Borough ends 11-12 fiscal year with $1 million surplus

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NAUGATUCK — The borough finished last fiscal year with a surplus of about $1 million, Mayor Robert Mezzo told the Board of Mayor and Burgesses Tuesday night.

Mezzo said Controller Wayne McAllister had given him that information earlier Tuesday, but it was not clear whether the amount included a surplus of more than $200,000 from the school system.

Last year’s municipal budget neared $49 million, and the school budget was $57 million.

The money will go into the reserve fund unless the Joint Boards of Finance and Mayor and Burgesses decide to spend it on something else, Mezzo said. Officials are considering giving the school board its surplus back to spend on technological upgrades.

The borough last year had a $780,000 surplus from municipal and school accounts combined, and the money went into the reserve fund.

Mezzo said he was happy to have money left over from the budget year that ended June 30.

“We budget conservatively, so we should have a small surplus,” Mezzo said.

Some of the leftover money came from accounts related to snow removal, which were not spent down because of this year’s mild winter, Mezzo said.

The borough had budgeted more than $300,000 for winter overtime, snow removal, sand and salt.

In contrast, the borough overspent its snow removal accounts by $740,000 after the blizzards of early 2011, an amount that came from the fiscal year that ended in June 2011.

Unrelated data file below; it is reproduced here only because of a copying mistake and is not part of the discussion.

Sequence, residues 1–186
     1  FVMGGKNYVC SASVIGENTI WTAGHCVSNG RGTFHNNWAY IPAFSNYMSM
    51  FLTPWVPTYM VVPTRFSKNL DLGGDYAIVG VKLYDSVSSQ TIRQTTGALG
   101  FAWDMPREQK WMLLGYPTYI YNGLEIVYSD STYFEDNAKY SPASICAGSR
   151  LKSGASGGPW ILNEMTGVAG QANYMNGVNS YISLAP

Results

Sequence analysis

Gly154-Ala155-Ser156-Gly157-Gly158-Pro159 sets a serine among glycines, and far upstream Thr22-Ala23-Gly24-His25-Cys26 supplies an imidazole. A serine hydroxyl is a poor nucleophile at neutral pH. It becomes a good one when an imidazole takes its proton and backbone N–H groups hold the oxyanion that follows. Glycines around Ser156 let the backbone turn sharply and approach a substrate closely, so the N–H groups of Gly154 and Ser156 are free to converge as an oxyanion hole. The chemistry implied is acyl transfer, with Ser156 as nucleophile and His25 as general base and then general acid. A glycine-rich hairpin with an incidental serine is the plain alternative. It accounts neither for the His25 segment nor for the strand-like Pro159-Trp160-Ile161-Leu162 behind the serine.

Last year’s surplus does not include more than $360,000 from the contingency fund and fire department retirement accounts that will be used to settle overruns in other accounts.

The borough board Tuesday referred to the joint boards the transfer of almost $44,000 from the fire department to the contingency account, which held $316,000 at the end of last year.

The borough had allocated $375,000 last year for its contingency fund. The fire department money had been allocated for retirement payouts, but the anticipated number of employees did not retire, Mezzo said.

“This is the smallest amount in recent history that we’ve had to transfer into contingency,” Mezzo said.

Some of the biggest overruns last year include more than $156,000 in consultant and service fees for the Water Pollution Control Board, which is working with a company called Alternative Resources Inc. to comply with anticipated federal mandates.

Discussions are also being held between the borough, Middlebury and Veolia, the company that runs the wastewater treatment plant on Cherry Street, over how the contract that binds them all should be interpreted, Mezzo said.

The joint boards will discuss last fiscal year’s spending in more detail at their Oct. 9 meeting.